I've previously written about the ways that mainstream rock and pop artists have embraced reggae in a genuine fashion (Paul Simon, Blondie and Johnny Nash) or dabbled in a number of dreadful attempts (Cod Reggae any one?). However, it is very possible that the very first reggae song with a Gay story line may be Patti Smith's 1975 track "Redondo Beach" taken from her "Horses" album.
On the surface, a song that name checks a beach could be construed as a cliche for a rock-reggae recording. In fact Redondo Beach was a popular destination (or perhaps a safe-haven) for lesbians living near Los Angeles at the time. With the back drop established, Smith tells the tale of an untimely suicide of a young gay woman and a love that never was. Despite the laconic reggae sounds the lyrics convey a kind of sufferers music that reggae artists of the 70's could have appreciated but never would have imagined.
The song struck a chord in the the 70's and beyond when Gays and lesbians began to assert themselves culturally and politically, resulting in the movement towards marriage equality across parts of the United States today. However, nearly 40 years go, listeners heard Smith sing the lyrics (set to a reggae rythym) as a grieving and confused gay woman. As such, listeners assumed she herself was gay. She revealed this in a 2005 interview:
'I always enjoyed doing transgender songs. That's something I learnt from Joan Baez, who often sang songs that had a male point of view. No, my work does not reflect my sexual preferences, it reflects the fact that I feel total freedom as an artist. On Horses, that's why the sleevenote has that statement about being "beyond gender". By that, I meant that as an artist, I can take any position, any voice, that I want.'Smith revealed the inspiration behind "Redondo Beach" in the same interview.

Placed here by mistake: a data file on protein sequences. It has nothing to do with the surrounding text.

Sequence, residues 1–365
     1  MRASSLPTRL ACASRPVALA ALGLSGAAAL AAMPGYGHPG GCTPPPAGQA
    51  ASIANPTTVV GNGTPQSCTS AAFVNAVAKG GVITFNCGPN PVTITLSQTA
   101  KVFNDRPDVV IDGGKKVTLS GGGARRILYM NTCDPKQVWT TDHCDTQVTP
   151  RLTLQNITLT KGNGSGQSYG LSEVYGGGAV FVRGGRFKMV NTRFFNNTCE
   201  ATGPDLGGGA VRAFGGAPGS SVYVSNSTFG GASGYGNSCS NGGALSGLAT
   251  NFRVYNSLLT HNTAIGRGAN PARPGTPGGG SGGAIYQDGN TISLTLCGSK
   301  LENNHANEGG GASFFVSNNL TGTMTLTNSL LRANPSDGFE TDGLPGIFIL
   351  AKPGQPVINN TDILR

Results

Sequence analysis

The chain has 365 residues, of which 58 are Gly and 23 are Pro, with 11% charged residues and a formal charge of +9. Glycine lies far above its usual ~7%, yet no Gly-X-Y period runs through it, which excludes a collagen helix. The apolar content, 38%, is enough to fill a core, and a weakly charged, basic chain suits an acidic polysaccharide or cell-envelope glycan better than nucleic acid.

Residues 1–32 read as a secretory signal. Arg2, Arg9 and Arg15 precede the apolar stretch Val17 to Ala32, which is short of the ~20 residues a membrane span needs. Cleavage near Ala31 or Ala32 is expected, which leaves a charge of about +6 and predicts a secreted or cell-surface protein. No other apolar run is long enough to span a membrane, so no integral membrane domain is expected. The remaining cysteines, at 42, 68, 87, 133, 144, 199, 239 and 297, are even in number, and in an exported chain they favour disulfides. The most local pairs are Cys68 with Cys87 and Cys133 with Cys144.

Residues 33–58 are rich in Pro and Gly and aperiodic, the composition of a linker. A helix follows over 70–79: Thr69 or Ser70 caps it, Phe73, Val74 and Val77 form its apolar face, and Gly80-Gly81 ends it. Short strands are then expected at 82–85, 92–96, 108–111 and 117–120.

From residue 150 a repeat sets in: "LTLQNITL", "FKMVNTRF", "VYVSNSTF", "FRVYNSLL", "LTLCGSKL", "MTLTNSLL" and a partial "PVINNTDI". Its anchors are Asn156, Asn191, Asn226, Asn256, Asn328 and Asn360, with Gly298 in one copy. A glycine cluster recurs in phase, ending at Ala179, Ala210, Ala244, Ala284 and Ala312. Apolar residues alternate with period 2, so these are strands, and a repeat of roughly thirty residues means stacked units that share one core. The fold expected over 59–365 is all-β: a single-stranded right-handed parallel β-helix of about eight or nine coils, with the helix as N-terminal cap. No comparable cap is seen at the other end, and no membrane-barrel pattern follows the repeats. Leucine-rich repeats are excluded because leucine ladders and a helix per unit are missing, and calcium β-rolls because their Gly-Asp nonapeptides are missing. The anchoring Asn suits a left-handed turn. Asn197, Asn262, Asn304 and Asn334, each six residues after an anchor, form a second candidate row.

'Redondo Beach', was also widely interpreted as the lament of a woman whose girlfriend has committed suicide and whose body washes up on a Los Angeles beach popular with lesbians and gays. Actually, says Smith, it's a song about her sister Linda, a sort of morbid fantasy rooted in remorse: the pair, rooming together in the Chelsea Hotel, quarrelled, and Linda disappeared, causing Patti much anguish. Written in 1971, the verses languished in a drawer for several years, until they were pulled out and given an incongruously jaunty reggae backing.Despite his infamous “All reggae is vile” comment (later he claimed that the quote was just a joke and that he was a fan of reggae music), Morrissey released his own reggae-lite live version of "Redondo Beach" a few years back which has become a staple of his live shows. Have a listen to his take on this classic (complete with reggae organ!).